Skyeng is the largest online English-language school in Eastern Europe (https://skyeng.eu/). All lessons are conducted via the Vimbox platform. The lessons are standardized and the teachers, as well as the students, are provided with all the related materials.
Skyeng hires both native and non-native English speakers for teaching positions. In the case of non-native speakers, the school prefers to hire teachers who have TEFL, CELTA, or DELTA certificates. Job-seekers must complete an audio interview and give a test lesson. Successful candidates must also complete a short probatory period. On admission teachers have to open at least 12 hourly slots for the lessons in their schedule. However, they are allowed to adjust their workload and working hours accordingly afterward.
The payment for the lesson is fixed by the platform. A student buys a package of lessons and pays only for their number. The teacher's remuneration is made for each lesson and directly depends on the number of lessons in a given period. When the lesson is finished, the teacher’s payment is transferred to a virtual account. The teachers can withdraw the money from the virtual account to their bank account biweekly.
Any person in the world is able to register on the Skyeng platform as a student. Upon registration on the platform, students have to pass an admission interview with the manager in order to assess the level of English language proficiency, set the study goals, identify personal interests and find out the time preferences. Afterward, the Skyeng automated recommendation system provides a student with a set of available teachers to select from. For each teacher, the system shows a teacher's photo, personal interests, location and a short bio in text and audio formats.
Both students and teachers are able to cancel and/or postpone separate lessons and/or terminate their partnership at any time.
This article covers automatically collected log data on English lessons given to adult students from January 1, 2019, to July 1, 2020. Our data set consists of 6,461,404 lessons given by 13,571 teachers to 216,285 students. We considered completed lessons only (87.2% of all planned lessons). We include information regarding teachers’ self-reported gender and birth date. The Skyeng system also gathers information on teachers’ time zones.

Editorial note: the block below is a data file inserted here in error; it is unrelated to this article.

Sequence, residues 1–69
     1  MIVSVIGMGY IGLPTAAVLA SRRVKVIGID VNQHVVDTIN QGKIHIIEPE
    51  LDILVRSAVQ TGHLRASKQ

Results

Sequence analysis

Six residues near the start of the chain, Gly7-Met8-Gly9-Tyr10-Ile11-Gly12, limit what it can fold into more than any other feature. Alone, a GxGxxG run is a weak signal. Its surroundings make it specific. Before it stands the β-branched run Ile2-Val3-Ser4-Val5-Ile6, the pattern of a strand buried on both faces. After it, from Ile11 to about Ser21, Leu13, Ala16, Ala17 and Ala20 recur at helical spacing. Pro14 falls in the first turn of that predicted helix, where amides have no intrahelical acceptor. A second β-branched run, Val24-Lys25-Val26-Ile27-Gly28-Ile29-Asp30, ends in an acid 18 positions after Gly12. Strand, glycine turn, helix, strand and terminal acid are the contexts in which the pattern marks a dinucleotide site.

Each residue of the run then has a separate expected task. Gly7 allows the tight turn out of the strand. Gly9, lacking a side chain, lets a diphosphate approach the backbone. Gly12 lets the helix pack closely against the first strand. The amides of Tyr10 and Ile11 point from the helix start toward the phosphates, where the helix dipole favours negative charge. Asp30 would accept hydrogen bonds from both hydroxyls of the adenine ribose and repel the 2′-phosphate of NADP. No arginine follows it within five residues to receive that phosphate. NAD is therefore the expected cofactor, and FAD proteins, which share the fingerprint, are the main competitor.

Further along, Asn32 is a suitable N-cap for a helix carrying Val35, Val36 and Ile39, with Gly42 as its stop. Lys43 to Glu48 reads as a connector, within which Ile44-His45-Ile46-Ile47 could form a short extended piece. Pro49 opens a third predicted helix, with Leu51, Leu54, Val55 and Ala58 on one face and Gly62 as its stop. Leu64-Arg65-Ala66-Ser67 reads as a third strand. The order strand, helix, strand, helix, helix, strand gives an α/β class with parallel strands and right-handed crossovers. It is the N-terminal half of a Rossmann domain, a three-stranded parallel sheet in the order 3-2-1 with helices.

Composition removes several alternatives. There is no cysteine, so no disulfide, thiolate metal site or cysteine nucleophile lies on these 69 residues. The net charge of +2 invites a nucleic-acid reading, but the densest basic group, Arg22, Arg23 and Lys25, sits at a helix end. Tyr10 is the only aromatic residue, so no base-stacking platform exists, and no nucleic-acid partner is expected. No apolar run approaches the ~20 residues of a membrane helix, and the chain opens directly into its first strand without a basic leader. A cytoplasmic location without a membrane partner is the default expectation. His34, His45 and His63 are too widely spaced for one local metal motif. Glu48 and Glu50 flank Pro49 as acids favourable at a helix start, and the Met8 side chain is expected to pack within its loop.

Figure 7 shows the dynamics of the absolute number of unique teachers in the data set. Most of the teachers were female (80%) and this proportion slightly changed over time (Fig. 8). Information of age with respect to teachers’ gender is presented in Table 1. Their mean age varied from 29 to 32 during the observation period (Fig. 9). More than half of the teachers (58.34%) were located in GMT + 3 time zone which corresponds to Moscow, Saint-Petersburg and central Russia. Ten percent (10.29%) of the teachers were in GMT + 4 time zone which corresponds to Samara. Almost ten percent (9.84%) of the teachers reported living in GMT + 6 time zone which corresponds to Novosibirsk and Altay regions. The rest of the sample reported living in other time zones corresponding to Russia, Europe and America.
Computations were performed in pandas package58 (Python 3.859). We used matplotlib60 for visualizations. All tests for equal means in this article were completed by Welch’s t-test to account for unequal size and variance between paired samples.
The study was approved by the HSE Committee on Interuniversity Surveys and Ethical Assessment of Empirical Research. An individual informed consent for the study was not required, since at the beginning of the platform use, all teachers and students signed an offering statement that Skyeng may share collected data with third parties for scientific purposes. We confirm that all methods were performed in accordance with the relevant guidelines and regulations.
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Dokuka, S., Kapuza, A., Sverdlov, M. et al. Women in gig economy work less in the evenings. Sci Rep 12, 8502 (2022). https://doi.org/10.1038/s41598-022-12558-x